The 5 Things To Prepare For A Job Interview

The 5 Things To Prepare For A Job Interview

Ahhh, job interviews. It’s the one thing that always sets a corporate warrior into fright mode. Every year, millions of workers looking for greener pastures send out resumes to employers—a quarter of which will be eligible for a chance to pass the dreaded job interview.

You can hide and sugar coat information in your resume, but you can’t do the same for a job interview. Job interviews will always be tough. They will make or break you. You may be the most skilled employee the world has ever seen, but if you can’t communicate well during one, you won’t make the cut.

So what’s keeping you from nailing down that job interview? Could it be your lack of confidence? Your knowledge about the company you’re applying for? The arrogant impression you make to the interviewer? Whatever it is, here are 5 key interview tips on how to transform yourself from grit to great. We also asked yuppies from Southeast Asia about their own personal tips. Catch them at the end of the article!

1. Do your research

Most applicants overestimate their knowledge about the organization they’re aiming to join. If you’re applying for a company, being a loyalist of its products or services is not good enough (that’s like saying you’re qualified to join Facebook just because you use Facebook every day).  It takes deeper understanding of an organization’s vision, scope of operations, culture, and management style to truly appreciate it.

So where should you start? Checking the company’s website is always a good first step. The “About Us” section summarizes everything you need to know about the company from an outsider’s point of view. Read online news articles too: what have been the company’s success points and challenges recently? Is it performing well in the market? Who are its competitors and what is its strategy in the next 5 years? Your variety of knowledge will surely impress the recruiter as it sends the message that you are serious about this application. Finally, don’t just end with the homework—link it back to you. Is the company’s “reason for being” aligned with your career roadmap? If your answer is yes, share this with the interviewer as it will surely drive home the message sweeter (e.g. say it like, “I live and breathe art, and working in a prestigious advertising agency that can further hone my graphics design skills is the reason why I’d like to join your organization”).

2. Master the FAQs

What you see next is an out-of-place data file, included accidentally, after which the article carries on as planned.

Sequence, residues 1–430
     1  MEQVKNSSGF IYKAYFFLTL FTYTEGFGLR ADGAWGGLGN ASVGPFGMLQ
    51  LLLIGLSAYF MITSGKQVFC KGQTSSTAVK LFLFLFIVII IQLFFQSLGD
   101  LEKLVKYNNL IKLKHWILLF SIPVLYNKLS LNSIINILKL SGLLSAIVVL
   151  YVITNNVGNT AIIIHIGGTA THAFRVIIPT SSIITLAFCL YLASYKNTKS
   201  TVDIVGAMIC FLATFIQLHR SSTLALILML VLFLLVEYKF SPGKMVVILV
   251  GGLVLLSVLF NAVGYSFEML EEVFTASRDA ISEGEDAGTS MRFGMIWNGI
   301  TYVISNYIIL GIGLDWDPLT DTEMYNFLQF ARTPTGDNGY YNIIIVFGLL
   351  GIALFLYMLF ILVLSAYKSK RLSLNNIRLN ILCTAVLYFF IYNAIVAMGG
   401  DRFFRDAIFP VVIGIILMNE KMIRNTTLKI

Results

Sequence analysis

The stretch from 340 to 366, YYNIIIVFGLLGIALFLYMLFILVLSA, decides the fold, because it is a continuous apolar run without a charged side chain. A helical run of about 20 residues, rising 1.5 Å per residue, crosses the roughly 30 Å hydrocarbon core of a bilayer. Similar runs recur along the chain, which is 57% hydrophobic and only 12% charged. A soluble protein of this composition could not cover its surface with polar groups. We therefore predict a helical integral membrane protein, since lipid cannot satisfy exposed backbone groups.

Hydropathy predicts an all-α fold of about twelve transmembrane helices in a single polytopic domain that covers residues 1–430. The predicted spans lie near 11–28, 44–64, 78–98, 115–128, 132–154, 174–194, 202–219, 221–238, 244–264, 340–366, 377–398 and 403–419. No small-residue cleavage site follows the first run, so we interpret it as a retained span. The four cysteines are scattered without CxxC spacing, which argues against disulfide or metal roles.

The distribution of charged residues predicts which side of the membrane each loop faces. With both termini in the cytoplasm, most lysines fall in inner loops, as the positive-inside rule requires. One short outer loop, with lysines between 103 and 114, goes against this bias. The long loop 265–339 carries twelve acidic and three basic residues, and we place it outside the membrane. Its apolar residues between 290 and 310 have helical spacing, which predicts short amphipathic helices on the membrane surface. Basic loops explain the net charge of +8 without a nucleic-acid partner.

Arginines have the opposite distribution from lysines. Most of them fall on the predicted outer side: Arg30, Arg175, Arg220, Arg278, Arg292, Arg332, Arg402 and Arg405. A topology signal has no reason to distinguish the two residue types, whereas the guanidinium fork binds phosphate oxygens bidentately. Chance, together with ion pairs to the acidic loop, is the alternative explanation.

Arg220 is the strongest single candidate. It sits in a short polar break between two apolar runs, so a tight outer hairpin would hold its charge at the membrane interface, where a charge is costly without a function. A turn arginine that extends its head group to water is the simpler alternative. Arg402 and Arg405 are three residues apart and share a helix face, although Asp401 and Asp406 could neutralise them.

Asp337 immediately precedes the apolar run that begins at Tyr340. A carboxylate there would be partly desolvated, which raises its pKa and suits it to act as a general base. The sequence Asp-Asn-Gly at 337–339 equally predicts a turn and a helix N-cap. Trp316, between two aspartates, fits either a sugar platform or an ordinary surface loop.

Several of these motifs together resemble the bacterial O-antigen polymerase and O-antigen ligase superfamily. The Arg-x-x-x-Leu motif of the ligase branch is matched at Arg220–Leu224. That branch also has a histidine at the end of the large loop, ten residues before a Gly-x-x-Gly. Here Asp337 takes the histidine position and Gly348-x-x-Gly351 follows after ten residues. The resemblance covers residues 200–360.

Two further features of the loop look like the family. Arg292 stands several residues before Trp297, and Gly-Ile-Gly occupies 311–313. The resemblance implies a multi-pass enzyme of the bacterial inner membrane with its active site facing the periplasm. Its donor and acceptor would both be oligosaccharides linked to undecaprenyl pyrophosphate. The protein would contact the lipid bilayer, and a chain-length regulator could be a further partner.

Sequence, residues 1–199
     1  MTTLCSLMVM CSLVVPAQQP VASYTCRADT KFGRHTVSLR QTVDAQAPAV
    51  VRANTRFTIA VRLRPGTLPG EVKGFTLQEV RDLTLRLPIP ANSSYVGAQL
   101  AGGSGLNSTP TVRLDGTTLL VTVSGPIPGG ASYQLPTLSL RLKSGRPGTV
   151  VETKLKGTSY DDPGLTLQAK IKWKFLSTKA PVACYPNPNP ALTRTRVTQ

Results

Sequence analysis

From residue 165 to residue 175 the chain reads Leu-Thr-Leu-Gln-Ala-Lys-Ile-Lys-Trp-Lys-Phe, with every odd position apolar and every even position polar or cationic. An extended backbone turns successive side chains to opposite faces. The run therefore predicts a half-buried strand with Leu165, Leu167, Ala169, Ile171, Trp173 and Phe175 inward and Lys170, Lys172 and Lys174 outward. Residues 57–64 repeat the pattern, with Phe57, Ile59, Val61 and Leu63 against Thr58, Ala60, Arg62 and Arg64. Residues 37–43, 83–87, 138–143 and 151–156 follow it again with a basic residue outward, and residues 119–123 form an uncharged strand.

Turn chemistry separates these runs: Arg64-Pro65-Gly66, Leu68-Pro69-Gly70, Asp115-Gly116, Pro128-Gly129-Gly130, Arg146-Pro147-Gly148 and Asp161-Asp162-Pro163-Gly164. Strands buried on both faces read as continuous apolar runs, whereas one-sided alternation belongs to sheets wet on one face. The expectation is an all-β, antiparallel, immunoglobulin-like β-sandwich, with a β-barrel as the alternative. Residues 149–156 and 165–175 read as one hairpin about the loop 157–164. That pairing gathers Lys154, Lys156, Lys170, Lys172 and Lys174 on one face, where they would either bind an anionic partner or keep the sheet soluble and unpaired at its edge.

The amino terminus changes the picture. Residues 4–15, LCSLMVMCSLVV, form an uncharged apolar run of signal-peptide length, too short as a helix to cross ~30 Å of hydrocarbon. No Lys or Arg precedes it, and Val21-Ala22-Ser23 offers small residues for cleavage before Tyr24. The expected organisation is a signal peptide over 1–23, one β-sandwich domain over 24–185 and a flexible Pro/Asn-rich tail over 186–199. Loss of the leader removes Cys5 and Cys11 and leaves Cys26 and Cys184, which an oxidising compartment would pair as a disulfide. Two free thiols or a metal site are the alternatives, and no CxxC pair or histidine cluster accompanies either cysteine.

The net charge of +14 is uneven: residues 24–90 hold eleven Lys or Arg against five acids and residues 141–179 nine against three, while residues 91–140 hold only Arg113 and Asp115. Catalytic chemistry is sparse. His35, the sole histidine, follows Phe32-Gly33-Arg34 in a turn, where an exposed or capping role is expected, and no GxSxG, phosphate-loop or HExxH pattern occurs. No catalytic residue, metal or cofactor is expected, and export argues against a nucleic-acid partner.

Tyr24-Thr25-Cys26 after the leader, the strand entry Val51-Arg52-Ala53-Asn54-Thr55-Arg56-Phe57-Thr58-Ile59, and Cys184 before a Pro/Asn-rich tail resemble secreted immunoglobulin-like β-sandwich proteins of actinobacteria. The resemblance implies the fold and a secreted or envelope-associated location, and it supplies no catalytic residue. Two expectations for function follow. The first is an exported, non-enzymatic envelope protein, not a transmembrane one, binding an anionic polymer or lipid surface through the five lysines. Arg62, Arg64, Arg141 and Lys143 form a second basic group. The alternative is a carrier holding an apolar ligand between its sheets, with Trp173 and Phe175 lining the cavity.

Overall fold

There are job interview questions that have stood the test of time and you have no excuse to prepare for them. By now, you should have selected good friends or mentors who are willing to conduct mock interviews for you. Ask them to cover some of the most frequently asked questions below:

  • Why are you leaving your current job and seeking opportunities elsewhere?
  • Why choose us as your next potential employer? Why this industry?
  • What is your ultimate career vision? How do you see yourself 3, 5, and 10 years from now?
  • What do you think are your weaknesses as an employee and how do you manage them?
  • Tell us a story about a challenge you encountered with a colleague at work and how you overcame it.

Practicing what and how to answer these FAQs will not only increase your confidence but also help you anticipate other questions that may be asked later. I personally believe this is the part of the preparation process that must not be skipped at all costs. Benjamin Franklin painfully reminds us all: “By failing to prepare, you prepare to fail.”  Remember that preparation breeds familiarity, and familiarity breeds confidence. And when you’re confident, you become an unstoppable force who knows nothing but winning.

About The Author

Jonathan Yabut is the Season 1 Winner of the hit reality TV show The Apprentice Asia and was known for his "passion" and "leadership" in the boardroom. He rotated in various positions of the Tune Group of Companies including Chief of Staff of AirAsia, reporting to Malaysian business mogul Tony Fernandes. For more than a decade, Jonathan served in the marketing departments of telecommunications, pharmaceutical and aviation industries. Visit or e-mail him at

To read part 2 of the article, click here.